Cheney Free Press -

By JOHN McCALLUM
Editor 

Suicide touches people in more ways than you might think

Write to the Point

 

January 25, 2018



It’s unfortunate, to say the least, but suicide seems to be in the news lately, especially in our area.

The death last week of Washington State University quarterback Tyler Hilinski has garnered much regional and national attention. What draws me to write this column is something a bit closer to home — a suicide that took place Monday evening in Cheney.

We don’t know who the individual was, at least as of this writing. It’s possible we may never know, despite statements by law enforcement that the victim’s name will be released at a later date by the Spokane County Medical Examiner’s Office.

It’s difficult dealing with suicide in the media. As a rule, we usually refrain from publishing suicide victims’ names, unless they are a public individual or the act is committed in a public manner.

It’s a tough call even in those situations. We want to be, or we should want to be, sensitive to the feelings of family and friends who are trying to cope with the knowledge that not only is someone they loved gone, but they are gone of their own choosing.

Why suicide takes place is a hard issue to tackle. Obviously we can’t ask the person who took their life, and even if they left a note, it’s difficult to piece together the circumstances outside their own writings that might have led to the decision.

In the end, we are left looking back through time to attempt to identify warning signs, real or imagined.

I have had suicide touch my life on several occasions. The first was a friend from my hometown who was dealt a blow to his mental state through drug use in high school and was never able to recover. I’m not sure what finally caused him to feel his life was not worth living, but he eventually did, ending it in the late 1980s.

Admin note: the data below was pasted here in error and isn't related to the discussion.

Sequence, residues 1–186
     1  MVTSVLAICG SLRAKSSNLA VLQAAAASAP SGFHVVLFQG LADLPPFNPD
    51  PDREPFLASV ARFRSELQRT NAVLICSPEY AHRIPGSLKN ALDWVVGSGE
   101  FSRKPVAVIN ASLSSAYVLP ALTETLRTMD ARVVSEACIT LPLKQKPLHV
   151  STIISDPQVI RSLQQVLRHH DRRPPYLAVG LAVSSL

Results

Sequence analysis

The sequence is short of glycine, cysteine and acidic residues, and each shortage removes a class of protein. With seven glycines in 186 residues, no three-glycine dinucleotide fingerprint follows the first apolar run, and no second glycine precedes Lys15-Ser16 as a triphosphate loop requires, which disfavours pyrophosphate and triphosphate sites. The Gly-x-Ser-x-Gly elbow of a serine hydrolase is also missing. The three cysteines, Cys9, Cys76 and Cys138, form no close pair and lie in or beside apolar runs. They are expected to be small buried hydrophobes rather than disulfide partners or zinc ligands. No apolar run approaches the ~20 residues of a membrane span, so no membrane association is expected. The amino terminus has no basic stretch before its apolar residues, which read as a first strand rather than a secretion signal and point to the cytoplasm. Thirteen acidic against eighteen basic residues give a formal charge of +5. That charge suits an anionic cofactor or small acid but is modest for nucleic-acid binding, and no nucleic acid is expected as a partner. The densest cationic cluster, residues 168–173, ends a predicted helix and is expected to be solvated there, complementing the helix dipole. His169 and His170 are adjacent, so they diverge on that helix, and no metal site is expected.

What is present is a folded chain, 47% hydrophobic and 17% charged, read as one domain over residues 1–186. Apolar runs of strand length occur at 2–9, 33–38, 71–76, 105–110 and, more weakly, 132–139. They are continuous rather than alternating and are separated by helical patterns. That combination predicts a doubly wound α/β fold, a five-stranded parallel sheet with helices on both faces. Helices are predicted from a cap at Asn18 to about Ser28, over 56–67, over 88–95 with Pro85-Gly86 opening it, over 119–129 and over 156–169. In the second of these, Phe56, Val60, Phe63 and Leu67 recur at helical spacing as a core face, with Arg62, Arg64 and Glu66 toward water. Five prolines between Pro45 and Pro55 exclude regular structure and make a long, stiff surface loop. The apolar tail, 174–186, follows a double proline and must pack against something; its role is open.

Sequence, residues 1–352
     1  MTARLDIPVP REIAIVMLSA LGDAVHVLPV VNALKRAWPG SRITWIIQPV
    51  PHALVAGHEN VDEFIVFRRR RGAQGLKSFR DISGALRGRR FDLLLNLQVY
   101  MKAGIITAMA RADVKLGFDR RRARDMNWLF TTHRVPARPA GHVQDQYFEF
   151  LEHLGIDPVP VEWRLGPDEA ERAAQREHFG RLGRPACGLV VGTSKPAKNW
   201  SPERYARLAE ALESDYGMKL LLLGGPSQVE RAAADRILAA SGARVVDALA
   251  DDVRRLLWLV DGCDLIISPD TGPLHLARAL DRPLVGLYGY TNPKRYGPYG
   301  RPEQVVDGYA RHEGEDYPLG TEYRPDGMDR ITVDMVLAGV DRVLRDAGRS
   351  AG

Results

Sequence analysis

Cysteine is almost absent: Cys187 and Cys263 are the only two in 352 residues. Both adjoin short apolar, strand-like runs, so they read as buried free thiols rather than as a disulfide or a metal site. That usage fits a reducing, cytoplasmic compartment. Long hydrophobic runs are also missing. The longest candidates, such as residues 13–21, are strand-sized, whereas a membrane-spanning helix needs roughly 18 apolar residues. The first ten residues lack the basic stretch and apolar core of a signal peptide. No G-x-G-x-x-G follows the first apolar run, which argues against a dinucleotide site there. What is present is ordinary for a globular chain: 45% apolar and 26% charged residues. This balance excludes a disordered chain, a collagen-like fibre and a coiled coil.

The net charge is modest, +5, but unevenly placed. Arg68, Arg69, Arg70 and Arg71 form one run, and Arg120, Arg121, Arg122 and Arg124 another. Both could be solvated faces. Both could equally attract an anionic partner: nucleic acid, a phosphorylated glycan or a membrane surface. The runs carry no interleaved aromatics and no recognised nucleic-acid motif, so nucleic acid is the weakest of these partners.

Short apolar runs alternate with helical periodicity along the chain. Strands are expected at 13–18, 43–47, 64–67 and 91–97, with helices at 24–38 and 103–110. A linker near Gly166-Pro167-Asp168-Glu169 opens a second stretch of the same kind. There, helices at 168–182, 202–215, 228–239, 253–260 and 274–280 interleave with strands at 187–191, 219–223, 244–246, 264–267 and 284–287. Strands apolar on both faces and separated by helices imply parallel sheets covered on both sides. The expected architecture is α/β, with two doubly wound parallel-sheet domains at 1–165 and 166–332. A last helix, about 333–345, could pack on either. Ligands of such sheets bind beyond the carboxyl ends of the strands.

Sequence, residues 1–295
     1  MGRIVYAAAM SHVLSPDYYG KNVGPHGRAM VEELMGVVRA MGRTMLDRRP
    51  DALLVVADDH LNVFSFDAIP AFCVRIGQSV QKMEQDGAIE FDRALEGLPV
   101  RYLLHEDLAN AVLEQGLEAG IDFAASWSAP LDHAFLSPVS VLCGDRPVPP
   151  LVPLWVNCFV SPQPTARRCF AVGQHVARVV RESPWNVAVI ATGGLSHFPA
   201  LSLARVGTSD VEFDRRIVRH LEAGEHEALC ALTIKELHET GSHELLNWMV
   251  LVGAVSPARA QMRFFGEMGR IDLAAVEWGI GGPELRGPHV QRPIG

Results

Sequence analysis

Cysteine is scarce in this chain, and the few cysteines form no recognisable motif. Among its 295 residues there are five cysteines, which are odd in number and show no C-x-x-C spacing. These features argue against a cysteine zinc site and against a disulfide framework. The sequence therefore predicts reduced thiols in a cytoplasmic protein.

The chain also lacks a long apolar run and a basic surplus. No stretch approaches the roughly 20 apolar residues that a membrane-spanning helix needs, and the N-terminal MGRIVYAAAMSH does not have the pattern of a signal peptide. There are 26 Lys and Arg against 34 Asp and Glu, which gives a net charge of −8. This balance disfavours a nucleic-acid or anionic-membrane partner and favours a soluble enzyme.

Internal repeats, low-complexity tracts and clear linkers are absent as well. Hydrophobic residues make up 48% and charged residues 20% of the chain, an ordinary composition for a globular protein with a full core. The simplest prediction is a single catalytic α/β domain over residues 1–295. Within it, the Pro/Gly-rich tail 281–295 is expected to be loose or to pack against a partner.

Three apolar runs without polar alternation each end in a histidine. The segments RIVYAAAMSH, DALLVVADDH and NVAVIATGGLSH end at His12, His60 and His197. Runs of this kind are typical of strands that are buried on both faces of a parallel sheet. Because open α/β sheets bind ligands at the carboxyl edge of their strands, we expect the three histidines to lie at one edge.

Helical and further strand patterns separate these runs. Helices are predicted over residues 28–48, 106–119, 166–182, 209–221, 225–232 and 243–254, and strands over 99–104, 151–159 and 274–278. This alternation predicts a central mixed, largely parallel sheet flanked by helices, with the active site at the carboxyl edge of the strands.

Another was an individual here in Cheney. He was someone who used to serve me beers when I would take study breaks from my first stint at Eastern Washington University in the mid 1980s by walking down to Goofy’s where he bartended.

Something happened in that same bar 10 or so years ago, and that individual left, walked down to the BNSF tracks where he sat down and was struck by a passing train.

There was another incident we covered at the newspaper not long after where a man drove all the way over here from Western Washington and shot himself alongside State Route 904 on the way towards Tyler.

And a couple years ago, another good friend from my hometown, reportedly despondent over the death of his son through drug use, also decided he had had enough and ended his existence.

If you look through our weekly police reports, you will see that suicide attempts happen with more regularity than we would like — which would be never if possible. It’s lucky when someone is able to intervene, as was the case last week in Airway Heights.

I’m not a psychologist, but it seems one of the ways of averting suicide falls upon all of us. That is we need to listen to people, and I mean really listen. Listen with an ear of understanding, and not merely with the intent to respond.

Life has its ups and downs, and some of us handle those better than others. Where the difference lies is our recognition and admission of this, and realization that we shouldn’t frame others abilities in the light of our own.

There are also people trained to help in this area, who possess the ability to listen. They can be reached by people considering suicide or their friends and family by calling the National Suicide Hotline at (800) 273-Talk (ext. 8255), First Call for Help at (509)838-4428, walking into any hospital emergency room or calling 911.

John McCallum can be reached at jmac@cheneyfreepress.com.

 

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